The three-phase PVS-175-TL with advanced digital capabilities through ABB Ability™, ABB’s comprehensive cross-divisional digital offering, delivers up to 185 kVA at 800 Vac and ultra-high-power density of 1.3 kW/kg. This not only maximizes the ROI for ground-mounted utility-scale applications but also reduces Balance of System costs for small to large scale, free field ground mounted PV installations.
“As demand for higher voltage and higher power class ratings continues to grow, we are very excited to bring to the solar energy industry a scalable and versatile solution. We are delighted to be recognized at the highest possible level in our industry, particularly with the market shifting towards new technologies to enhance solar power generation in a reliable, safe and cost-effective manner,” commented Giovanni Frassineti, who heads up ABB’s Solar Business Unit. “This latest product not only supports higher power densities, but also improves installation with reduced commissioning time. It also benefits from advanced communication and digitalization for condition based monitoring and proactive maintenance for the operator.”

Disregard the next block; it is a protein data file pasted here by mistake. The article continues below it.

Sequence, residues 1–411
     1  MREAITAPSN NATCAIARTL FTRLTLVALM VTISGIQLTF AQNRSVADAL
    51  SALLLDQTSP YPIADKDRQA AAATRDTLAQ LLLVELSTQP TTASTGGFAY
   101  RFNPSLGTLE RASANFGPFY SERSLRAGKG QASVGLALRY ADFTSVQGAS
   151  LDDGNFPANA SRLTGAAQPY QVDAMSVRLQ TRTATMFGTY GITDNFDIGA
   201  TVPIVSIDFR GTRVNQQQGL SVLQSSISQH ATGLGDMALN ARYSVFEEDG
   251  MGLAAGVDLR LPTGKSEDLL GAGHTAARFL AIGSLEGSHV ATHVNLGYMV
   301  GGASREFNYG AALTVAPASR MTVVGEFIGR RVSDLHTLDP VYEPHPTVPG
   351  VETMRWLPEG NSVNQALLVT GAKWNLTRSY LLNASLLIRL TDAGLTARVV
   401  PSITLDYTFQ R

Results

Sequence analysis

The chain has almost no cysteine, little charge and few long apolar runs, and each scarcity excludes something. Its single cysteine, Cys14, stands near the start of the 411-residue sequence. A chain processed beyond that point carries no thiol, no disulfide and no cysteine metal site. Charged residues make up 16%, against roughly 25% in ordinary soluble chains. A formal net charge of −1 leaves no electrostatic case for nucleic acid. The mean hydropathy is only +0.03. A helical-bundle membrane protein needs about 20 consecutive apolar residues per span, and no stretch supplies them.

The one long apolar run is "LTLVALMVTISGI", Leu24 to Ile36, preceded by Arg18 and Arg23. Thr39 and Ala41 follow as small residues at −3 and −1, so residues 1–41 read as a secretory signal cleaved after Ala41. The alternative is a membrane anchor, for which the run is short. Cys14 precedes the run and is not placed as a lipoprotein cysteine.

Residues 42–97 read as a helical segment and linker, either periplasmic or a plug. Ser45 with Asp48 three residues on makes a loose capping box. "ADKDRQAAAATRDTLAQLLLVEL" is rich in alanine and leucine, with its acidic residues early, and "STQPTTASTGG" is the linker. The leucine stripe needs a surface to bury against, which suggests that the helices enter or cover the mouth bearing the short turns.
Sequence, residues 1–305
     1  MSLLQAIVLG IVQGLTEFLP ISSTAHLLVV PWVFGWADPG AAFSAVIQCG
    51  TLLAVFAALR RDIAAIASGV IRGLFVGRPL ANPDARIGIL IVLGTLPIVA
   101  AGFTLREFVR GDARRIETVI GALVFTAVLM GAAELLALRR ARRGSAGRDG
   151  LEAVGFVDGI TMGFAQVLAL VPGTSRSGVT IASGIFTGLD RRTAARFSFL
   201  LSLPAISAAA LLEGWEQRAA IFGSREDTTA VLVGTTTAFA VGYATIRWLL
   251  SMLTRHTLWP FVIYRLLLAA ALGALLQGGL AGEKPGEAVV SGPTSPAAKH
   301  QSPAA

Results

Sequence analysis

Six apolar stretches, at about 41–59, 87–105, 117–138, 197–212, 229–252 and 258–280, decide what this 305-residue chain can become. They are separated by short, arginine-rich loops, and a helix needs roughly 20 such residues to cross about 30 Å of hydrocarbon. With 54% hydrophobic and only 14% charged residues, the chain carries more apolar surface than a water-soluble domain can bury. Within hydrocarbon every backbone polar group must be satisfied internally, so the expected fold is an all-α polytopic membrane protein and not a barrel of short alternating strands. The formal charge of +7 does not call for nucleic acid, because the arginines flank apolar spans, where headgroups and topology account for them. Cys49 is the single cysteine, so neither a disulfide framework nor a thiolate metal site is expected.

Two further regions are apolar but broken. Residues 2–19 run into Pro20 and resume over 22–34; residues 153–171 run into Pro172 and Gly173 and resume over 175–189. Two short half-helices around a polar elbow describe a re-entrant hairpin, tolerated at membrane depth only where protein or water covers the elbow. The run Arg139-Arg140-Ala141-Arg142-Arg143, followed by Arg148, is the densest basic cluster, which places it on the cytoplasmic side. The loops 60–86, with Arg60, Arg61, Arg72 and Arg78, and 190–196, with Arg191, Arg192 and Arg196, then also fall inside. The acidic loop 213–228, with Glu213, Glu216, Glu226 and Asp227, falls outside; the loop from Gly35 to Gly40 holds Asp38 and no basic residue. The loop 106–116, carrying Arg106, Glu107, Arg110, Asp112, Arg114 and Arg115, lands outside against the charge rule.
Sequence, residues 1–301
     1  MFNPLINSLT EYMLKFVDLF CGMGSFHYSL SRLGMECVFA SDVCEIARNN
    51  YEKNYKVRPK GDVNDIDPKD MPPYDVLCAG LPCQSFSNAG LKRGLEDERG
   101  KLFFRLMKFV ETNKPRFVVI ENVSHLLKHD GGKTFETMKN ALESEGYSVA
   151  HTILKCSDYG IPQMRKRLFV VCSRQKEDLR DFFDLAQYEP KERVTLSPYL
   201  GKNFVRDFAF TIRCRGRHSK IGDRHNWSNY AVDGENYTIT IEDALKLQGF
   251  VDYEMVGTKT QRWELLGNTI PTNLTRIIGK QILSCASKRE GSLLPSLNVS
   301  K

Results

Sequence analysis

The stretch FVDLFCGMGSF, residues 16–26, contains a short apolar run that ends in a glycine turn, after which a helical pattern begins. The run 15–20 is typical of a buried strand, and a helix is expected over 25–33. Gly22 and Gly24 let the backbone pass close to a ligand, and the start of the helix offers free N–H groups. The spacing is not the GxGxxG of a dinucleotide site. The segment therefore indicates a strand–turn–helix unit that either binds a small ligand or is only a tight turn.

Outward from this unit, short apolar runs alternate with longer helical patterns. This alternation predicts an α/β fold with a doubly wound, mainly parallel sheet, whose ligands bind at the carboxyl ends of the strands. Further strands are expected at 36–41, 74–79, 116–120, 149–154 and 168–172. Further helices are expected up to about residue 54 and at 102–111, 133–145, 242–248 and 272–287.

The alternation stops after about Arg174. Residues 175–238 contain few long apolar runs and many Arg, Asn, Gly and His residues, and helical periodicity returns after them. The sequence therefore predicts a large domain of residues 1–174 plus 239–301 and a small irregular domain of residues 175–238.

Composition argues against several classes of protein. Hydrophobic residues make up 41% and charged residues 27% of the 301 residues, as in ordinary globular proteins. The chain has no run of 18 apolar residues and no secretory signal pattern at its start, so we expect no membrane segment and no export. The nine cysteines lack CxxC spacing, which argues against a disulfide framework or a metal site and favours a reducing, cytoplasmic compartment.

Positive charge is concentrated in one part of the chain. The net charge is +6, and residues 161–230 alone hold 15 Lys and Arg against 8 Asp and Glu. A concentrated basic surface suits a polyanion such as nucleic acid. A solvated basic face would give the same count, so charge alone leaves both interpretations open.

Quick and easy installation, improved accessibility and visibility, advanced digitalization monitoring through ABB Ability™, bigger PV clusters and modular combiner free design are just some of the many advantages of the PVS-175-TL.
Presented at Intersolar Europe for the first time, the PVS-175-TL is a plug-and-play inverter with easy install directly onto the existing PV modules’ mounting system, using the same process as installing a DC string combiner box.
A dedicated Installer App provides simple and quick plant installation instructions and gets all inverters employed, in a single cluster, and commissioned in less than 20 minutes.